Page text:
Other Factors As with any application, hydraulic efficiency is an important consideration but, it can be even more important in variable speed applications because BEP takes on an additional dimension. It moves to the left with a reduction in speed so if a pump is 75% efficient at 600 GPM, there is a good chance it will have the same efficiency at 500 GPM. In addition to high efficiency, the ability of the pump to operate to the right of BEP can contribute to a higher average operating efficiency. Figure 2 illustrates the effect of curve shape and these other factors.
4 X 4 X 7B 3450 RPM

180 20.3 40% 160 140 Min Approved Flow 120 Head in feet 100 80 60 122% BEP 40 Flow Range 20 0 0 200 400 600 800 1000 1200 1400 Gallons Per Minute Max Approved Flow 28.7 55% 30.5

74% 33.7 81% 82%

Data Labels are BHP 35.9 81%



Here we see a pump that is being considered for a constant pressure application that requires flows of 500 to 1100 GPM at a boost of 100 feet. Although there will be some periods with flows of 1000 to 1100 GPM, typical flows will fall in the 600 to 900 GPM range. So, how well does this pump meet the requirements we have discussed? The curve exhibits a rise of about 54 feet (54%) from 1100 to 500 GPM so control is optimized and power savings should be significant. BEP efficiency is excellent at 82%. The maximum flow point is 122% of BEP flow which is well below manufacturer approved flow and efficiency is a healthy 78%. This allows us to place BEP flow in the area where typical flow occurs. The efficiency at the low flow point is just 66% but you will see that under VFD control it improves significantly. Over all, this pump appears to be a good candidate. All that remains is to review its actual performance.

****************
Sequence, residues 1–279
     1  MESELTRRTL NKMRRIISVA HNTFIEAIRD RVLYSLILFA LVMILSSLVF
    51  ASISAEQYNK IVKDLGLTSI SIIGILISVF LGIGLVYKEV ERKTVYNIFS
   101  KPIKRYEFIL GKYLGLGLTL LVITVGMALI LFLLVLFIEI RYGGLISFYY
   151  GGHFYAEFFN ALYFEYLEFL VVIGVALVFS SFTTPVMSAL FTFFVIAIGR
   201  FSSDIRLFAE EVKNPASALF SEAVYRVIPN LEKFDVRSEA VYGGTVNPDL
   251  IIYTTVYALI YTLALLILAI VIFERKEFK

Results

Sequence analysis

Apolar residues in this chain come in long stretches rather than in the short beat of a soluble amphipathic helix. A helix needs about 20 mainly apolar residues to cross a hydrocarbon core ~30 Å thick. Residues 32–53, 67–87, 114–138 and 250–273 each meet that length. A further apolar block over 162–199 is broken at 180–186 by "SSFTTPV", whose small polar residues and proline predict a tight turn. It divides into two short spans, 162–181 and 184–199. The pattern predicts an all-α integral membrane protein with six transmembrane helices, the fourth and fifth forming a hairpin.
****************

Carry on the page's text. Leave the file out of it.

Figure 3 shows the actual performance by plotting the variable frequency curves against the system curve. The points at which the frequency curves intersect the system curve will be the flow point for that frequency. The control range is approximately 49 60 hertz (12hz) over the entire range of flow. Even at a relatively low resolution of 1/10 hertz there will be 110 individual operating points.
4 X 4 X 7B 3450 RPM

180 20.3 160 140 120 Head in feet 100 80 60hz 60 40 20 0 0 200 400 600 800 1000 1200 1400 Gallons Per Minute 55hz 50hz 45hz System 14.4 9.8 6.4 22.1 16.6 12.1 28.7 30.5 33.7 81% 23.5 25.9 17.7 19.5 12.9 14.2 15.1 20.7 27.6 35.6 35.9 81% Data Labels are BHP 74%

As illustrated by the 60 hz, 55 hz and 50 hz curves, the three major efficiency points move to the left as frequency is reduced. This results in a minimum efficiency of 80% for flows between 650 and 1000 GPM. The absolute minimum efficiency occurs at 500 GPM but is increased to 74% due to the leftward migration of the 600 GPM / 60 hz point. The efficiency is 78% at maximum flow and the average efficiency across the entire flow range is 79%. As shown by the data labels, these high efficiencies result in a substantial power savings compared with PRV control. For example at a midrange flow of 800 GPM the BHP required is 24.9 at 53 hz versus 33.7 at 60hz. The Excel spread sheet (PPSA) used for Figure 3 can be downloaded from my web site. Next month we will review a pump selection process for Vp-Vf applications. Joe Evans is the western regional manager for Hydromatic Engineered Waste Water Systems, a division of Pentair Water, 740 East 9th Street Ashland, OH 44805. He can be reached at, or via his website at If there are topics that you would like to see discussed in future columns, drop him an email.